The stress tests were carried out at the nuclear facility in 2016 by Atomprojekt, an enterprise of the project's main contractor Rosatom, and later reviewed by an international panel of experts, set up by European Nuclear Safety Regulators Group (ENSREG).
"On Monday, ENSERG will deliberate the stress test peer review, and upon its endorsement, the results will be officially presented in Brussels," Michail Demcenko, head of Lithuania's State Nuclear Power Safety Inspectorate, who took part on the stress test peer review, told BNS Lithuania.
In his words, the results of the stress test peer review and recommendations will cover previously raised issues related to the plant's safety, its resistance to earthquakes and the management of major accidents.
Lithuania presented its comments to the international expert group in the middle of January. The country's experts said then they missed evidence of Astravyets NPP's resistance to the impact of a commercial plane crash, as well as information on ensuring the independence of a system for managing major accidents.
Lithuania is also having doubts over the analysis of the project's resistance to extreme earthquakes as it was based on 1997 research.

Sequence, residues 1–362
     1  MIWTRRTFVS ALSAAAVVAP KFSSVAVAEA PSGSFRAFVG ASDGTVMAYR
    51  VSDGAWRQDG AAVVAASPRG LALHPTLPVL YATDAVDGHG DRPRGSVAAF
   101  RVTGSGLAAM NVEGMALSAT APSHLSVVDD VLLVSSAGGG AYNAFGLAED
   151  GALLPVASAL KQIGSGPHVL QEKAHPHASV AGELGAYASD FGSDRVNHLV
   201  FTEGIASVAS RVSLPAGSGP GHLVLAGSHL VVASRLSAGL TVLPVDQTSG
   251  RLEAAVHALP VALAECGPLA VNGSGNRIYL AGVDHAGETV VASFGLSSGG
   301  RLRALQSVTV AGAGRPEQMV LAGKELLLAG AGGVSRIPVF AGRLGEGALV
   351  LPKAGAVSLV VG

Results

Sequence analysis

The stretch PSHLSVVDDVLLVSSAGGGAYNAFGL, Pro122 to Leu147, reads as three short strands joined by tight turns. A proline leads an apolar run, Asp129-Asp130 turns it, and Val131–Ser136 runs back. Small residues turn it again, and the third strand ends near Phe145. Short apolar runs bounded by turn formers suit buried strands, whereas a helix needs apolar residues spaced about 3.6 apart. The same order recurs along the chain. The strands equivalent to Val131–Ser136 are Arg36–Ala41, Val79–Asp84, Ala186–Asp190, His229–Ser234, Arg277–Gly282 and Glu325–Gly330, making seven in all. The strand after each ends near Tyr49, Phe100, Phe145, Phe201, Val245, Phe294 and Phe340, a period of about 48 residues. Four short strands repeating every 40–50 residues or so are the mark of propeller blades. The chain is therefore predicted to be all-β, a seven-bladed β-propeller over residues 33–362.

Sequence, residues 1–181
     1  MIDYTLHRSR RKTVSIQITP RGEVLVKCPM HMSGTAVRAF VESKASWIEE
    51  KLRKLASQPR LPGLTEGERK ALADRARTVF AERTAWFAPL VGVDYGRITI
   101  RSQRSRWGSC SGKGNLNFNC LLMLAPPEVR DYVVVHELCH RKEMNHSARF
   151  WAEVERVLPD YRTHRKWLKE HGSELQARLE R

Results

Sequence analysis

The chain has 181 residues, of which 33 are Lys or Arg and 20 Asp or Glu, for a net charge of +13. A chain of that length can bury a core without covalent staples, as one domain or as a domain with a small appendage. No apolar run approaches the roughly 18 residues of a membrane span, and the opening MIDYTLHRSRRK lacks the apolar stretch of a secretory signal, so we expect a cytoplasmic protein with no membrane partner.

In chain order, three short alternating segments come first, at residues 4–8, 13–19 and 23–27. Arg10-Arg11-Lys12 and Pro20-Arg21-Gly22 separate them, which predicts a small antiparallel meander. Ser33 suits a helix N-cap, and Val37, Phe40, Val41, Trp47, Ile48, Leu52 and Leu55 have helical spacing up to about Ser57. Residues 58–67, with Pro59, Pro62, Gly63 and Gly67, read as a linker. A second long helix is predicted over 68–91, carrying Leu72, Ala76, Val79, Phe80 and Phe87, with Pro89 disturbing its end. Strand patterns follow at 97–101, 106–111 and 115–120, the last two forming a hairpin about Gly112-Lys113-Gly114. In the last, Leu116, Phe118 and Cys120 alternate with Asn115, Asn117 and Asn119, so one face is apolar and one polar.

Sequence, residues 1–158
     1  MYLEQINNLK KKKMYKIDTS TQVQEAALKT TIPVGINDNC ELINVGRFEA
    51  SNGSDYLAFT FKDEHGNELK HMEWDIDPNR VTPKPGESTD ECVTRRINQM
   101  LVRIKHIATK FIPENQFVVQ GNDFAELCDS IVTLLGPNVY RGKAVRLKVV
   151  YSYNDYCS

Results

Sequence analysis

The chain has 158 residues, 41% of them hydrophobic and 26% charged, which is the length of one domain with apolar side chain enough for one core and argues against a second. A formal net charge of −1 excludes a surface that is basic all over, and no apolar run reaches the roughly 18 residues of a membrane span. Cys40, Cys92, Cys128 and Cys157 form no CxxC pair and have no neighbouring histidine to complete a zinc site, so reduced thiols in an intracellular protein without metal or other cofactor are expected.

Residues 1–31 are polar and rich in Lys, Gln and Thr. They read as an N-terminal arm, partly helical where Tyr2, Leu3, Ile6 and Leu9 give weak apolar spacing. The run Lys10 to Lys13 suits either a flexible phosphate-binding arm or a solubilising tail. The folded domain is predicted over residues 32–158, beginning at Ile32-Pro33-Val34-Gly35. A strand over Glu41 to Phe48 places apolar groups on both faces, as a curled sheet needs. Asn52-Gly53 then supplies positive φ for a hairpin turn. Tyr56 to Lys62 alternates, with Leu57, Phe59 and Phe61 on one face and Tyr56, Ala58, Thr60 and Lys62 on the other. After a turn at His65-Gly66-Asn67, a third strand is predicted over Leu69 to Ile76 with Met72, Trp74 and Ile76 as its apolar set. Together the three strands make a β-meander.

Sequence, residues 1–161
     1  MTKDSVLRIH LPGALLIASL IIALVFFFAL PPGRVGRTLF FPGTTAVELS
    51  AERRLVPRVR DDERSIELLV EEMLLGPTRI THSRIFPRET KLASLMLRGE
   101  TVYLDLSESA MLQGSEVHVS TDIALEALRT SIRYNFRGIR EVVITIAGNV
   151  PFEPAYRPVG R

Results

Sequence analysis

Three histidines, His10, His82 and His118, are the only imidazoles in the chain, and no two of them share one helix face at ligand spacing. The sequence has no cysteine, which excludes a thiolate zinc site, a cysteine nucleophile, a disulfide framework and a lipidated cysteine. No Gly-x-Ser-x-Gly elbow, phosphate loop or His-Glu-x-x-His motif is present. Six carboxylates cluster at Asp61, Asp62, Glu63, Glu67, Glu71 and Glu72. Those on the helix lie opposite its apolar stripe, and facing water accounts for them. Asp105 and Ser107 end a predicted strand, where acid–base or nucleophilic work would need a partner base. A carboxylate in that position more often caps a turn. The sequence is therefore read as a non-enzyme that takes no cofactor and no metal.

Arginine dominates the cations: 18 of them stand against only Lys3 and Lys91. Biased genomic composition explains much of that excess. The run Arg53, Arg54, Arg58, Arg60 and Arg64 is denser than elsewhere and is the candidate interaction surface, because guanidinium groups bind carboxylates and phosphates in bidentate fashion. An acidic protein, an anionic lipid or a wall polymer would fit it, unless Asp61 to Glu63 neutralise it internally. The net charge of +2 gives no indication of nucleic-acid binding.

Lithuania's key question on the selection of the plant's construction site was also not discussed and remains unanswered, as well as issues related to the project's environmental impact and measures to ensure the quality of the construction and safety of its future operation.
Lithuania is the key critic of Astravyets nuclear facility, situated some 50 kilometers from Vilnius, and last year officially recognized this project as posing threat to national security, environment and public health.
Minsk claims the power plant is being constructed safely. Belarus hopes to launch Astravyets' first reactor by the end of the next year and the second reactor should be operational by the middle of 2020. The project is being funded by the Russian government.